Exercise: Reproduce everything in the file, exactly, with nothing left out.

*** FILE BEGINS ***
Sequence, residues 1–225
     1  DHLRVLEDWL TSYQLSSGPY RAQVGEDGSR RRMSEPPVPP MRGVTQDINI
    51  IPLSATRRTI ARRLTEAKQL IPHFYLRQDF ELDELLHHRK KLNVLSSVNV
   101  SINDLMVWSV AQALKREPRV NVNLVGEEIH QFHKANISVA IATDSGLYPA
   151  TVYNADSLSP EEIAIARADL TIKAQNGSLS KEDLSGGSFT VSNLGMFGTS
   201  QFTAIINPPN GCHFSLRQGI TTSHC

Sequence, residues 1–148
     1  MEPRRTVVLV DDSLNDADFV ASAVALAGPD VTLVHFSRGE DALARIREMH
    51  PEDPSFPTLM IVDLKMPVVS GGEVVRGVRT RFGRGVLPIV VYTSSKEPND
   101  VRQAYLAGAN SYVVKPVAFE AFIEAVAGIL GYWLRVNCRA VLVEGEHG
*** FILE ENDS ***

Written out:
Sequence, residues 1–225
     1  DHLRVLEDWL TSYQLSSGPY RAQVGEDGSR RRMSEPPVPP MRGVTQDINI
    51  IPLSATRRTI ARRLTEAKQL IPHFYLRQDF ELDELLHHRK KLNVLSSVNV
   101  SINDLMVWSV AQALKREPRV NVNLVGEEIH QFHKANISVA IATDSGLYPA
   151  TVYNADSLSP EEIAIARADL TIKAQNGSLS KEDLSGGSFT VSNLGMFGTS
   201  QFTAIINPPN GCHFSLRQGI TTSHC

Sequence, residues 1–148
     1  MEPRRTVVLV DDSLNDADFV ASAVALAGPD VTLVHFSRGE DALARIREMH
    51  PEDPSFPTLM IVDLKMPVVS GGEVVRGVRT RFGRGVLPIV VYTSSKEPND
   101  VRQAYLAGAN SYVVKPVAFE AFIEAVAGIL GYWLRVNCRA VLVEGEHG